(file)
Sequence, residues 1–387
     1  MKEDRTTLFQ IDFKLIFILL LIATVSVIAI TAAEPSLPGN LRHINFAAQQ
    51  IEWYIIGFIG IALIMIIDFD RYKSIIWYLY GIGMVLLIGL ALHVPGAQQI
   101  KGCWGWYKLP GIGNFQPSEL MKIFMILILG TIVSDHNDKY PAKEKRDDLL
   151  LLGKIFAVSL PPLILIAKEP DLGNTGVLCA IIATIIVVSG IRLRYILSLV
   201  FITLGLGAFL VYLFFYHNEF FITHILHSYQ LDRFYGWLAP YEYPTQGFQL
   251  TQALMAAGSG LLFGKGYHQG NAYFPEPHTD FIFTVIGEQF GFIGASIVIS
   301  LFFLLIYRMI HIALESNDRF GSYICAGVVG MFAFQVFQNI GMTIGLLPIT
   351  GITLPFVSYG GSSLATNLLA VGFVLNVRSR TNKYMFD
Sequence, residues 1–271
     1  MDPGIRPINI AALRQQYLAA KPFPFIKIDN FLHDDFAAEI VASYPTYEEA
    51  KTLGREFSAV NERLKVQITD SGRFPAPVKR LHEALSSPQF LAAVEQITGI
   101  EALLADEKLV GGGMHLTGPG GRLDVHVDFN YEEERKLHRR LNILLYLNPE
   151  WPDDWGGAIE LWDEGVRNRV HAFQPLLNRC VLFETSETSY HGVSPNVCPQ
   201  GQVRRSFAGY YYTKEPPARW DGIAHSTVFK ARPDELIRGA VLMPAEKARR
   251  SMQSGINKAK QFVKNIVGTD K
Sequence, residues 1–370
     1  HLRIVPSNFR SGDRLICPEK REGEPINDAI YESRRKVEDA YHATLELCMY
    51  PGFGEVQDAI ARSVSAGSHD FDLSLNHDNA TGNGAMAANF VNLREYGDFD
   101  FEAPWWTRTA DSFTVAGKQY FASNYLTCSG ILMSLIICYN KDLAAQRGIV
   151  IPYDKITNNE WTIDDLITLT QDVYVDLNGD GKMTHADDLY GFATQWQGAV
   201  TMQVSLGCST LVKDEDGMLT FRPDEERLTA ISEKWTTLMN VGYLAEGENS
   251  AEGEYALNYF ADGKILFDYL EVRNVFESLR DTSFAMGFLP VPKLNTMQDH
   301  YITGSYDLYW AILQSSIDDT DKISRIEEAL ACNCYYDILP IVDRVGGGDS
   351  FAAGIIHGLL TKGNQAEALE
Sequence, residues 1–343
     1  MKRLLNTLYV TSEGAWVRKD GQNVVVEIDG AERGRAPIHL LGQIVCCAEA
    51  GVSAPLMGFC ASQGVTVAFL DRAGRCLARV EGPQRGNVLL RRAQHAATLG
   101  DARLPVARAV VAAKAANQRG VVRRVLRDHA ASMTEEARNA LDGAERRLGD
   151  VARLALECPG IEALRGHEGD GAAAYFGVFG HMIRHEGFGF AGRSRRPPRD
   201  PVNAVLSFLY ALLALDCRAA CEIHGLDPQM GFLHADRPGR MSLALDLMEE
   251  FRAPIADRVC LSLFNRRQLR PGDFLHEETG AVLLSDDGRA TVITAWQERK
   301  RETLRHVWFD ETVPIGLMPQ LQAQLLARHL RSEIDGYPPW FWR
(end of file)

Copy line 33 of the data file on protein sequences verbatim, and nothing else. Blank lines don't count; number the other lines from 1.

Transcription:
   301  RETLRHVWFD ETVPIGLMPQ LQAQLLARHL RSEIDGYPPW FWR